Monday, March 7, 2011

NOTEBOOK: Harvard Clinches Share, Princeton Can Join Tomorrow Night

From the moment Tommy Amaker was hired at Harvard in April 2007, this moment was seen as a foregone conclusion - a point in the future that existed without a definite date, but with a definite presence.

Amaker would lead the Crimson to an Ivy title, at some point, and Harvard's big gamble would pay off. At least a few people, however, would have been skeptical that it would happen this soon.

The progression has been steady each year, starting even from the first. With a young, but ultimately decently talented roster, recovering from loss of All-Ivy talents Brian Cusworth and Jim Goffredo, Amaker led Harvard to its first marquee win, knocking off Michigan at home, during a tough 8-22 campaign.

The following year brought the Crimson's first win over a ranked opponent (Boston College) and Harvard's first win at The Palestra in 18 years. Last season brought the Crimson's first 20-win campaign ever and its first postseason tournament berth since 1946. In year number four, Amaker delivered on his initial promise and brought Harvard its first ever Ivy League title.

But don't make the same mistake that ESPN did in the wake of Harvard's 79-67 win over Princeton on Saturday night. The Crimson clinched a share of the Ivy title, but only just that - a share. The Tigers can earn their share at The Palestra against rival Penn tomorrow night, in a game that will be broadcast on ESPN3.

If Princeton wins, it would clinch the Tigers' first Ivy title since 2004 and force the league's first playoff since Yale, Princeton and Penn all shared the title in 2002. The Bulldogs beat the Tigers in the first playoff game at The Palestra, while Penn knocked off Yale in Easton to clinch the automatic bid. As an historical side note, that Quakers team had a decent enough at-large profile to at least be in the discussion if it had lost to the Bulldogs - something that this year's Harvard team shares.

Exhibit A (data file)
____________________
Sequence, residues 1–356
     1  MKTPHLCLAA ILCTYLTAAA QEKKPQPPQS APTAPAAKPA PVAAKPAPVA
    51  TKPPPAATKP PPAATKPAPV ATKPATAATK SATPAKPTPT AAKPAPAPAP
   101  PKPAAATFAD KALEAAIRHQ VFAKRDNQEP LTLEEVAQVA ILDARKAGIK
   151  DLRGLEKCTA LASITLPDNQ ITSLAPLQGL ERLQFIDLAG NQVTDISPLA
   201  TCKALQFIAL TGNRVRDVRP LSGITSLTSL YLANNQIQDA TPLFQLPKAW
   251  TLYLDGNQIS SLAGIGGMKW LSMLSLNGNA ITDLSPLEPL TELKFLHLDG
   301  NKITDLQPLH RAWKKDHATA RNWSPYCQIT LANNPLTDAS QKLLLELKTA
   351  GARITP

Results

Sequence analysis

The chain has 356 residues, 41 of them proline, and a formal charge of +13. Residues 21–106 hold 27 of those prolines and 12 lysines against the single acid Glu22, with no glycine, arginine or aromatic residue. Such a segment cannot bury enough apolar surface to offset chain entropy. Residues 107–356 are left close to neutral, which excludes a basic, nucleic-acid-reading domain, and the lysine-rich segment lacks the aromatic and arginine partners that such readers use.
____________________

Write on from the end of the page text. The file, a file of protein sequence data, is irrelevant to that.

The Quakers are also a winner in all of this. In the midst of a solid turnaround job (a Penn team that was right on the cusp of the 300s in the Pomeroy ratings last year has risen to the national average, ~175, this season), the Quakers get a home game against their most bitter rival with the opportunity to keep Princeton from going to the NCAA tournament. More than just that, a victory would give Penn a share of third in the league and a 14-win season (the most victories since the 2007 tourney team).

In other words, for the first time since the 2001-2002 season, there are three teams with relevant league games on the horizon after the final regular season Ivy back-to-back weekend.


Harvard 12 2
Princeton 11 2
Yale 8 6
Penn 7 6
Columbia 6 8
Cornell 6 8
Brown 4 10
Dartmouth 2 12

Total      1      2      3      4      5      6      7      8
Brown 0% 0% 0% 0% 0% 0% 100% 0%
Columbia 0% 0% 0% 0% 100% 0% 0% 0%
Cornell 0% 0% 0% 0% 100% 0% 0% 0%
Dartmouth 0% 0% 0% 0% 0% 0% 0% 100%
Harvard 100% 0% 0% 0% 0% 0% 0% 0%
Penn 0% 0% 42% 58% 0% 0% 0% 0%
Princeton 58% 42% 0% 0% 0% 0% 0% 0%
Yale 0% 0% 100% 0% 0% 0% 0% 0%


Team OffEff DefEff AdjEff
Brown 0.996 1.062 -0.065
Columbia 0.954 1.011 -0.057
Cornell 1.031 1.069 -0.038
Dartmouth 0.871 1.077 -0.206
Harvard 1.105 1.006 0.099
Penn 0.992 0.990 0.002
Princeton 1.023 0.933 0.090
Yale 0.960 0.986 -0.026

The league's final weekend did little to jumble up the adjusted efficiency margin standings. Harvard was able to expand its lead slightly, but Princeton's solid showing at Dartmouth kept the Crimson from gaining too much ground, even with the head-to-head win.